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June 30, 2016

Disney's 'Frozen' and 'Star Wars' characters to star in new computer science curriculum

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The Walt Disney Company is expanding its partnership with Code.org, the nonprofit organization dedicated to expanding student access to computer science, by lending its “Frozen” and “Star Wars” characters to a curriculum for elementary-school students.

The collaboration began in 2014 when Disney worked with the organization to use Elsa, Anna and Olaf and other “Frozen” characters in a one-hour tutorial on computer programming for the Hour of Code, a campaign that takes place in December. In 2015, Princess Leia, R2-D2, Rey and BB-8 had their own Hour of Code tutorial. The Frozen and Star Wars-themed tutorials have been used more than 30 million times and are among Code.org’s most popular coding activities, according to Code.org.

Now, both franchises will be used to create courses in the 80-hour, year-round Computer Science Fundamentals curriculum on Code Studio. They will be available to Code Studio account holders – about 11 million students and 330,000 teachers – as they are developed during the next year.

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“We’ve been trying to make learning fun for kids,” Code.org Founder and CEO Hadi Partovi told TechCrunch. “Fundamentally the reason why we’re working with Disney is because children love the Disney brand, the Disney characters and by integrating those characters into our lessons it makes learning to code much more engaging for the students.”

The integration of Disney characters will serve as a bridge for students as they transition from the introductory Hour of Code tutorials to a full computer science course, according to Disney’s press release. The announcement was made Tuesday at the International Society for Technology in Education Conference.

“Computer science will play a critical role in the careers of the next generation of innovators and storytellers, and we want to help open the door to students interested in this field,” said Disney Consumer Products and Interactive Media Chairman Jimmy Pitaro. “By bringing Star Wars and Frozen characters to Code.org’s in-class curriculum, we hope to make these courses more fun and accessible than ever before.”

Disney is not the only large corporation getting involved with teaching children about computer science. This summer, Apple introduced “Coding Games and Programming Robots” to its lineup of free three-day Apple Camps aimed at ages 8 to 12. At this camp, kids learn the fundamentals of block coding using the Tynker app and Sphero robot. Registration for this camp and the other two at Apple stores – Interactive Storytelling with iBooks and Stories in Motion with iMovie – opened last week. You can check if your local store has any openings left here.



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March 12, 2015

Disney offers cash prizes to software developers for new fitness apps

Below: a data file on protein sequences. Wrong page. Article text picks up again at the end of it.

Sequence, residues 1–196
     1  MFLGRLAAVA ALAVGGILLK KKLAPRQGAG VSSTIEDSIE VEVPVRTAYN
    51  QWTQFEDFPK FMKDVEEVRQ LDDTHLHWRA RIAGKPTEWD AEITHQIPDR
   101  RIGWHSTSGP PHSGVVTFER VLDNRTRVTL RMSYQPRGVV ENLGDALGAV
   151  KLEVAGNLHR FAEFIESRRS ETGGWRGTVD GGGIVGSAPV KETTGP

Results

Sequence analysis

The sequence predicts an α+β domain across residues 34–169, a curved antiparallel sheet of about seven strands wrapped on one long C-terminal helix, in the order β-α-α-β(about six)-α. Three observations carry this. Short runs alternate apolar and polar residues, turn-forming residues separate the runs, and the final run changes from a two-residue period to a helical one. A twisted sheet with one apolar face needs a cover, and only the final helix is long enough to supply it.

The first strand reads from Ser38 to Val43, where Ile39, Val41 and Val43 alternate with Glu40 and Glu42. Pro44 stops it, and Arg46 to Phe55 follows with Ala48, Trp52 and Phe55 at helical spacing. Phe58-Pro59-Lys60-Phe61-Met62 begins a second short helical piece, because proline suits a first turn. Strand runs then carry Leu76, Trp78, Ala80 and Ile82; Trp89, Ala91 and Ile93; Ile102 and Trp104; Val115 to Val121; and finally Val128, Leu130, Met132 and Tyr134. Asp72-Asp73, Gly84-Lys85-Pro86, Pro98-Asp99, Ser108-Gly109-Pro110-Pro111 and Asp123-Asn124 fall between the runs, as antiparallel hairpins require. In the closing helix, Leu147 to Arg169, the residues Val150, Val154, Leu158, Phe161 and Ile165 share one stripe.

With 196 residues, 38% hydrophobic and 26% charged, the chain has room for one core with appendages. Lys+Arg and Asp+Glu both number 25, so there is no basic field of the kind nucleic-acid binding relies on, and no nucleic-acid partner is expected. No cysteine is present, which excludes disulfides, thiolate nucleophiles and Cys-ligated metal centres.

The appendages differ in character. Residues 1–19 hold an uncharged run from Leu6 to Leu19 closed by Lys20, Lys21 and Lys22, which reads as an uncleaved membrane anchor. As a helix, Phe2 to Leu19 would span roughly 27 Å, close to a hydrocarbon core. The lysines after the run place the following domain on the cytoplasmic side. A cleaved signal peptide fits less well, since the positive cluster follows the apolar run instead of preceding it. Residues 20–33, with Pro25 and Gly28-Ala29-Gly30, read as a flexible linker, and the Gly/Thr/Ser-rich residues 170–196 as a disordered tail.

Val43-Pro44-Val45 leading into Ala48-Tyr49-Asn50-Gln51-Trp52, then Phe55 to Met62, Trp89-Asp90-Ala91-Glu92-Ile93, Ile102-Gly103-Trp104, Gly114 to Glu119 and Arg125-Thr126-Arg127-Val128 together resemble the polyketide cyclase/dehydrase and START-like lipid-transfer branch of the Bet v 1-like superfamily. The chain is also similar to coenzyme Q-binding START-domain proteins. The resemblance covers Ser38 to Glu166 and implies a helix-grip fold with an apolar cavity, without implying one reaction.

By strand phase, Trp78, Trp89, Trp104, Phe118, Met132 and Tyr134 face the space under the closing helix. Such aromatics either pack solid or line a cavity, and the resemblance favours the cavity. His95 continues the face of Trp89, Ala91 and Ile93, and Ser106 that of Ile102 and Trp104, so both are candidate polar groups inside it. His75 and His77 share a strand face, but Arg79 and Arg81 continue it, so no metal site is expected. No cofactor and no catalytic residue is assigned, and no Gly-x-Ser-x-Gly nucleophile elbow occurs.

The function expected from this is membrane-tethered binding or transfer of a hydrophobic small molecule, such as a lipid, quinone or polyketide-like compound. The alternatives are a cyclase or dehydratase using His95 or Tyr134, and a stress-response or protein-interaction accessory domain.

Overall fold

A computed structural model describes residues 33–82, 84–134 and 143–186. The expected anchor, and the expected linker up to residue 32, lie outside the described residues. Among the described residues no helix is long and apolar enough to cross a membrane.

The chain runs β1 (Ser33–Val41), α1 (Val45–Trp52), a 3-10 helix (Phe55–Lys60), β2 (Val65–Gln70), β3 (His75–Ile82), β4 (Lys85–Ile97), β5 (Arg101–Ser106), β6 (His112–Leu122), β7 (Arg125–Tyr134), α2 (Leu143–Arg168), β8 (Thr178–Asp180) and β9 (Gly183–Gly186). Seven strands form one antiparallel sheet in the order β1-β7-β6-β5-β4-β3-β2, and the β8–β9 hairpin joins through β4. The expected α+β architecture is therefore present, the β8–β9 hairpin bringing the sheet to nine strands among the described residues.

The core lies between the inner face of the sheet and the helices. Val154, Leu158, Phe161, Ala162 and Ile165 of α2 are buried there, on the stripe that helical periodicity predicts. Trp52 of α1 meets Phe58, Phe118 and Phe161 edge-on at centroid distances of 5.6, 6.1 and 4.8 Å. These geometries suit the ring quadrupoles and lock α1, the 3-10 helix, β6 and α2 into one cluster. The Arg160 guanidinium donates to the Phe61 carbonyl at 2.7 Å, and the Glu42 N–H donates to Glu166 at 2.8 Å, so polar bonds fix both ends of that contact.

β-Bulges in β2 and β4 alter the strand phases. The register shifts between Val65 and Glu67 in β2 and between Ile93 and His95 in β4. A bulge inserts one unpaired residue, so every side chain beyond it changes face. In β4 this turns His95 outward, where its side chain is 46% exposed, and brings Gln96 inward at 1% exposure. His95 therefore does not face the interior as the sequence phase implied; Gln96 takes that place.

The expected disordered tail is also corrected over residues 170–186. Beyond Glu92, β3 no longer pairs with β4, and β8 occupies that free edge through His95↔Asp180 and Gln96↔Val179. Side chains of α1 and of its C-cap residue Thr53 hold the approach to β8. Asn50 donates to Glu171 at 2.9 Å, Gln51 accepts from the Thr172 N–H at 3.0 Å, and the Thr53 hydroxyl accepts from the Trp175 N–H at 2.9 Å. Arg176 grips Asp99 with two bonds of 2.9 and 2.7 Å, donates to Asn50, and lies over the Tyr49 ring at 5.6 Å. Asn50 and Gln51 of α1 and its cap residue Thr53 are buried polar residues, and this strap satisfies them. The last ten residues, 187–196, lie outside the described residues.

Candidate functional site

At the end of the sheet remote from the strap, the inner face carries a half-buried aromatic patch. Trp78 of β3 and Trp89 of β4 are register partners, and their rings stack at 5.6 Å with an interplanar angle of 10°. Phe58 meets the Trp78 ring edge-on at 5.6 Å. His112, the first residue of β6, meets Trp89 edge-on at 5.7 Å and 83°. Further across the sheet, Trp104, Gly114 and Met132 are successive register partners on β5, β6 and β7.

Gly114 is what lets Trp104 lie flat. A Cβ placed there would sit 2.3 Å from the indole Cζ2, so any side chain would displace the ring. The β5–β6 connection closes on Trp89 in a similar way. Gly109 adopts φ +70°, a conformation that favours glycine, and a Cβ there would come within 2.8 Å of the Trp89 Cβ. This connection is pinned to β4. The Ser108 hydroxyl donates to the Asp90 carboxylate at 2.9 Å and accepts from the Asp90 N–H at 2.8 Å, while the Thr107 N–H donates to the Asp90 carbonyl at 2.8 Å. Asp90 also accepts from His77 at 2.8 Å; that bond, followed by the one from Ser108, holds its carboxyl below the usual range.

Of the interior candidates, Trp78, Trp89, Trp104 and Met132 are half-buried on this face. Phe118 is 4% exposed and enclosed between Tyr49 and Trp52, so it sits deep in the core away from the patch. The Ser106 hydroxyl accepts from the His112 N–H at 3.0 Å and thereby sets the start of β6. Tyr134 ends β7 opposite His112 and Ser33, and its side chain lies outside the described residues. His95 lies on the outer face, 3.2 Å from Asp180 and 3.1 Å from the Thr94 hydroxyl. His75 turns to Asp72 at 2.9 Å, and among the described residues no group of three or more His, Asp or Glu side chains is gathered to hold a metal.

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Developers, assemble! The Walt Disney Company has teamed up with Creative England, a nonprofit group, to sponsor a competition to come up with new fitness apps for families using Disney and Marvel characters. The reward? A £95,000 (or more than $148,000 in U.S. cash) prize.

The competition in England was designed "to target software specialists outside London's highly competitive development scene," according to a press release, though only companies in England are qualified for the competition.

Matt Carroll of Disney said in the release that the competition was seeking submissions that take advantage of the latest heath technology trends, such as wearable fitness sensors.

"We hope developers will be inspired to come up with fun and engaging digital solutions using Disney's stories and characters for families to use, which will positively effect [sic] a healthier way of life," Carroll wrote.

Disney officials said the company's decision to back the competition follows the success of a Pirates of the Caribbean add-on for the Disney Infinity video game created in Brighton by local developer Studio Gobo.

Disney and Creative England's competition will award £5,000 (more than $7,500) to three regional developers in the first round to prepare a 'proof of concept'. One team will then win £80,000 (more than $125,000) in funding to help develop a final product.

Disney is just one large company that is seeking to secure a piece of the lucrative fitness technology industry. This week, Apple introduced its new watches that are touted to have a fitness component that is an integral part of the devices. But it's not just in the mobile tech realm in which Disney has turned to sports to reflect some of its core values and tap into poplar pastimes for its fans.

The Walt Disney Company has continued to build its ties to professional and amateur sports, too. Last week, the company announced its sponsorship of the new Orlando City Soccer Club. Also, the popular runDisney division appears to be growing by leaps and bounds with new races, health and fitness expos, and related events. In addition, Disney's ESPN Wide World of Sports in Orlando hosts amateur sporting events of all types year-round and continues to attract positive fan exposure even with little marketing compared to that of the resorts and theme parks here in Orlando.



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About The Walt Disney Company

This page contains an archive of all entries posted to A Mom and The Magic in the The Walt Disney Company category. They are listed from oldest to newest.

The Nightmare Before Christmas is the previous category.

Tour de Turtles is the next category.

Many more can be found on the main index page or by looking through the archives.